"Brightscreen" vs "Maxwell Screen"

Discussion in 'Classic Manual Cameras' started by carlos_prado|2, Aug 18, 2012.

  1. Hi
    I finally have the money to buy either a "brightscreen" or "Maxwell screen" for my Hasselblad.
    Unofficial Maxwell Precision Optics Webpage
    However, I have read some many favorable reviews for both, that I cannot make up my mind which to buy.
    I would love to hear everyone's opinion regarding which of these two screens provides the best "SNAP FOCUS".
    What I mean, is that I want to choose the screen that allows your eye to snap the subject into focus the easiest/fastest.
    If anyone has owned both of these screens, please tell me which one you think helped you focus the fastest and had htat "contrasty" snap factor.
    By the way, I plan to shoot holding the camera at waist level and looking down at the focus-screen without the aid of the WLF "magnifier".
    Thanks everyone in advance.
  2. Carlos,
    After much deliberation I chose the Maxwell screen for my Rolleiflex 3.5F. I wasn't able to compare with a Brightscreen, but many of the folks in the Medium Format--> Rollei forum suggested the Maxwell. It was a major improvement over the Rollei screen that was installed (from about 1969 I'd guess). Hope this helps...
  3. I have a Maxwell screen in my Rollie also, and like it a lot. Never tried the Brightscreen, so can't compare them directly.
  4. SCL


    I used a Maxwell and Britescreen both in a Bronica I had about 12 years ago. It came with a britescreen which the previous owner had installed...I had some difficulty focusing all focal length lenses with it. So I got hold of Bill Maxwell and he sent me one of his, which worked better for me. I later asked him about one for my Leitz Visoflex, and he told me (quite correctly) that he could optimize it for longer focal lengths (like 400mm) or shorter (like 65-90mm), but there wasn't a happy medium...in one case I would get severe vignetting by using the wrong lens. I forget which I opted for now, but I was a little disappointed when I installed it, as it didn't give me the brightness I was seeking.
  5. Would your money not also get you an Acute Matte screen, Carlos?<br>If so, do.
  6. I have a Maxwell in my Linhof 5x4 and the focus is really good, not quite as snappy as the original Linhof screen, but it is so much brighter and easier to use that I would readily recommend it.
    I also have a Bronica S2A with the Brightscreen, and this is amazingly bright, the only camera that I can focus from waistlevel. When magnified though I find it a bit hard to instantly find critical focus, it's actually better from waistlevel when I'm wearing glasses. I don't know if this is typical of Brightscreens or not, but it seems that the earlier coarse ground glasses are slightly better for critical focus...a bit of a trade off then.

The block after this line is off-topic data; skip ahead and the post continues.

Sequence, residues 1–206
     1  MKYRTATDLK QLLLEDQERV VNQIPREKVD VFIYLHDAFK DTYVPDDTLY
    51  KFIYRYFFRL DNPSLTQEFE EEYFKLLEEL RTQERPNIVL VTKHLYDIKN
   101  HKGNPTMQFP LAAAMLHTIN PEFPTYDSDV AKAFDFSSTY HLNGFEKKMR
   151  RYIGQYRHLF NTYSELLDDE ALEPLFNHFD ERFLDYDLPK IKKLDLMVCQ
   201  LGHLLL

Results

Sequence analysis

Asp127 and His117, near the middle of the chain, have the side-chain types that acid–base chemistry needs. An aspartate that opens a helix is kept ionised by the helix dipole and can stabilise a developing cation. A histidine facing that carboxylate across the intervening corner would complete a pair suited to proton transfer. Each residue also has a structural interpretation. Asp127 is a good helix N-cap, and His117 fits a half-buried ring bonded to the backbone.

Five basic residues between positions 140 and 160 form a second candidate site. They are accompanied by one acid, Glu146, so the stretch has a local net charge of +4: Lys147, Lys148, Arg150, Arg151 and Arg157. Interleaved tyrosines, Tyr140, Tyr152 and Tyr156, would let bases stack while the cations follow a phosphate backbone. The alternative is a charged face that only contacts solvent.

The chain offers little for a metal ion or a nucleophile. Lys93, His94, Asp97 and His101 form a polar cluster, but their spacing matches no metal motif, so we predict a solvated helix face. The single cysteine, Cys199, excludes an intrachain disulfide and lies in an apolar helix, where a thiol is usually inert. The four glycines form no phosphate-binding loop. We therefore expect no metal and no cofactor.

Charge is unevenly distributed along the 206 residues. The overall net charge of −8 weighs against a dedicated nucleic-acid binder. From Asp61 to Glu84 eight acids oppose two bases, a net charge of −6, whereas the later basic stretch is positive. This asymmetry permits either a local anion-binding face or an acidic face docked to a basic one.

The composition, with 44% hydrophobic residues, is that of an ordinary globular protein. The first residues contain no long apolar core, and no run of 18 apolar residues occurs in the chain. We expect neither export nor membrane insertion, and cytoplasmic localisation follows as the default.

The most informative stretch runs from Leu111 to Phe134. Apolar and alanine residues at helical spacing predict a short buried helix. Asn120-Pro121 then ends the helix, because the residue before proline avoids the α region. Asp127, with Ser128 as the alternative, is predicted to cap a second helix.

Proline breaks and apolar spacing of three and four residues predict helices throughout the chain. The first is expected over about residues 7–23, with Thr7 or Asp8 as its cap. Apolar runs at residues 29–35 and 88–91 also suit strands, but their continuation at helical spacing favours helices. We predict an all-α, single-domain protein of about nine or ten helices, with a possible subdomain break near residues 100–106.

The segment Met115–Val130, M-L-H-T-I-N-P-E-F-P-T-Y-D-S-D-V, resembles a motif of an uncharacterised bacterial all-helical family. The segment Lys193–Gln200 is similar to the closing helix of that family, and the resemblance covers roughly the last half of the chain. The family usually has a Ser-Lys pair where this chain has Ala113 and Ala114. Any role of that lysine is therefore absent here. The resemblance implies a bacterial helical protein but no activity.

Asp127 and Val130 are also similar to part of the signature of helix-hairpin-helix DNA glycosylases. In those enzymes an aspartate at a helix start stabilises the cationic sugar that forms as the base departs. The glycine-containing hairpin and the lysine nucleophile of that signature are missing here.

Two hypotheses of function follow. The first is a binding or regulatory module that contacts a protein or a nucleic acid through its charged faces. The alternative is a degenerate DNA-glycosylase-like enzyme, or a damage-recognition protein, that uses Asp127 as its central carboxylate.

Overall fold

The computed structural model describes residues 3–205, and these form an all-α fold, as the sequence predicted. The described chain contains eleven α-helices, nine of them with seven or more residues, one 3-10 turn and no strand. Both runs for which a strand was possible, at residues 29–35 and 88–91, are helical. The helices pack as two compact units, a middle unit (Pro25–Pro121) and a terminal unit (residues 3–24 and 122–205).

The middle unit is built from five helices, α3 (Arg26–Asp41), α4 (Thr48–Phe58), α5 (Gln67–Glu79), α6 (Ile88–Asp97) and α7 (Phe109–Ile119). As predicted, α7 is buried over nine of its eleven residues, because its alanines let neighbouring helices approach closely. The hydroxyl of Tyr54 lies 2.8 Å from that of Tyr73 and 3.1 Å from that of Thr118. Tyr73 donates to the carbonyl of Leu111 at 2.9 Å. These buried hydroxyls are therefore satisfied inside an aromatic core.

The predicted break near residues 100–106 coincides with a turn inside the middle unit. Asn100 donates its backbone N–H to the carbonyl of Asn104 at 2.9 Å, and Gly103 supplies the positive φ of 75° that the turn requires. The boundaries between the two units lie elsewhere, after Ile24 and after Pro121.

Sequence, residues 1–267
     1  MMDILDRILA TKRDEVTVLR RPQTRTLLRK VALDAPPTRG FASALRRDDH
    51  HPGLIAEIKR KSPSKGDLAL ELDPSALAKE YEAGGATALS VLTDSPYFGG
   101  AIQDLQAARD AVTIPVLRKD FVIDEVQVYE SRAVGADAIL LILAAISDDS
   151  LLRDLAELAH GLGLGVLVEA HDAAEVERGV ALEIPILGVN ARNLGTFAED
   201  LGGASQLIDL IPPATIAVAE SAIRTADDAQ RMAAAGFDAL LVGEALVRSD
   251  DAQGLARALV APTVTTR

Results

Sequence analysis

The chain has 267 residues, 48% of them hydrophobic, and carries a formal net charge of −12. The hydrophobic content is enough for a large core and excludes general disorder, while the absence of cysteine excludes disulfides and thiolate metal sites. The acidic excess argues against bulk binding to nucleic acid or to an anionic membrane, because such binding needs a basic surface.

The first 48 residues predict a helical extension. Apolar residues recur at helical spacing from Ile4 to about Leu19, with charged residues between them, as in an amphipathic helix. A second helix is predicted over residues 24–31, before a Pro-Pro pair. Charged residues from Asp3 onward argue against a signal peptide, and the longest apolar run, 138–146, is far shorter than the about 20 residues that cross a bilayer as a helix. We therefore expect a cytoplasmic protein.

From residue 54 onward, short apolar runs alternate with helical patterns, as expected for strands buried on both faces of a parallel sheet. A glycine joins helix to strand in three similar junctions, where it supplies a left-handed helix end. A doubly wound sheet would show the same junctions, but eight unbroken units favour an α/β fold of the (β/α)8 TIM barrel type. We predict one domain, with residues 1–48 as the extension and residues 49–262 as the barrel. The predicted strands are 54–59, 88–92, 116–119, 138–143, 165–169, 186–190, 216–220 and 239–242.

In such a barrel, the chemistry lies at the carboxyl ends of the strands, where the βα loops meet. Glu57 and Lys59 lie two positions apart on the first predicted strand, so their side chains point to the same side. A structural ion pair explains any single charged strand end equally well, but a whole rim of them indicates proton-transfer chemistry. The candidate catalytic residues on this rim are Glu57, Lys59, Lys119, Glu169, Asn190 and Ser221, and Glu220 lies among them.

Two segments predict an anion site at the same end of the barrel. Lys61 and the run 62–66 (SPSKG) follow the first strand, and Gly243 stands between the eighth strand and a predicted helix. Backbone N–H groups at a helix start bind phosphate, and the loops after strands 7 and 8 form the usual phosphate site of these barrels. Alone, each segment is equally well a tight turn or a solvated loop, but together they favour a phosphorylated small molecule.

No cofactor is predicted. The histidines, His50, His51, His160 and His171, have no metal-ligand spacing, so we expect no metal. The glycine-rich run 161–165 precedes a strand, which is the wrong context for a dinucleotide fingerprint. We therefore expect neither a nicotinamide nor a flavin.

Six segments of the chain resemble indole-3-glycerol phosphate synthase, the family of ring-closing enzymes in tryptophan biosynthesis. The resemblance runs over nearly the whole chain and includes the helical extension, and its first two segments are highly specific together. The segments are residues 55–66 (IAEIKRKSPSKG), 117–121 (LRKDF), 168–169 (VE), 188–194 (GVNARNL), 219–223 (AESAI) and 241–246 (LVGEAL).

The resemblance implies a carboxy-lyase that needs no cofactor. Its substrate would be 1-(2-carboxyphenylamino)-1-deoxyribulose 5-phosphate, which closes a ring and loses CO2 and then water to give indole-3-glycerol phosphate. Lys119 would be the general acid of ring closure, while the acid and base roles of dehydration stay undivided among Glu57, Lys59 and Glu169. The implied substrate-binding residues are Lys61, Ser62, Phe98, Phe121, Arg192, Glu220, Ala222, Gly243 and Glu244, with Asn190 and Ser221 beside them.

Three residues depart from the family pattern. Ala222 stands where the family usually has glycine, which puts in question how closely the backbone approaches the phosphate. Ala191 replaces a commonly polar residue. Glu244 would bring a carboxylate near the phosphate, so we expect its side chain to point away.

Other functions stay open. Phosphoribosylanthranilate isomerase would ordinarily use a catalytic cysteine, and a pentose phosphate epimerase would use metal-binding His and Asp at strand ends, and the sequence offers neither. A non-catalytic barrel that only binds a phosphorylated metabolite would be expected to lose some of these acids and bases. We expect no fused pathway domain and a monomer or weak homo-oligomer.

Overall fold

I recently looked through a late model 500 'Blad with a standard brightscreen and it is quite amazing how much brighter it is than my older 500C...maybe need to change too!
  7. Tony
    So, if I plan to shoot my Hassy at waist level, without the use of the magnifier, you suggest the Brightscreen over the Maxwell?
    Did I understand you correctly?
  8. I've never used the Maxell. I own three Bronica ETRS bodies. Several (maybe 20) years ago I put a Britescreen or an Intenscreen (can't recall which) into one of them. Today, they all look the same and my feelings are I should not have spent the money. You should also know that these screens often achieve the brighter effect at the cost of reduced contrast. Since the human eye relies on contrast to help focus, it's a downside IMO. YMMV.
    That said I recall when Hasselblad came out with a new Acute-Matte screen system which produced a brighter but still contrasty image -- it was a revelation.
    Henry Posner
    B&H Photo-Video
  9. The bottom line and general consensus has always been that the Maxwell is best overall. The Intenscreen is bright, but not so easy to focus.
  10. david_henderson

    david_henderson www.photography001.com

    Hmm. It said "bad connection and that this hadn't gone through. But it lied.
  11. david_henderson

    david_henderson www.photography001.com

    The better "look" and the best balance between brightness and contrast is the Maxwell screen. They can take a while to get, and you may have the option of getting your current screen converted or a newly manufactured screen. OTOH I've never used the Acu-Matte screen which if its available for use in your Hasselblad, you should consider too, simply on the basis that you don't get negative comments at all.
  12. Actually, maybe using the camera w/o using the magnifier may not be the best idea? I had trouble doing that using any screen in my blads. You'd probably do just as well by scale focusing/shooting at hyperfocal settings. Medium format doesn't have a lot of DOF unless you're stopping it down pretty good, so focus is critical to sharp photos. I tried several different screens in my camera, and in the end the original screen that came with it (not the brighter accu matte) gave the best snap. It wasn't the brightest, but it was easier for me to focus. This was echoed when I was trying out different screens in my Rolleiflex TLR's. The cut down Mamiya screens gave me more snap than the brighter screens, and were a heck of a lot cheaper. I found out that brighter screens did not automatically lead to easier focusing.
    Truthfully though, everyone's eyes are different, so if you could find a camera w/ the screens you mentioned and try it first, you'd be in better shape.

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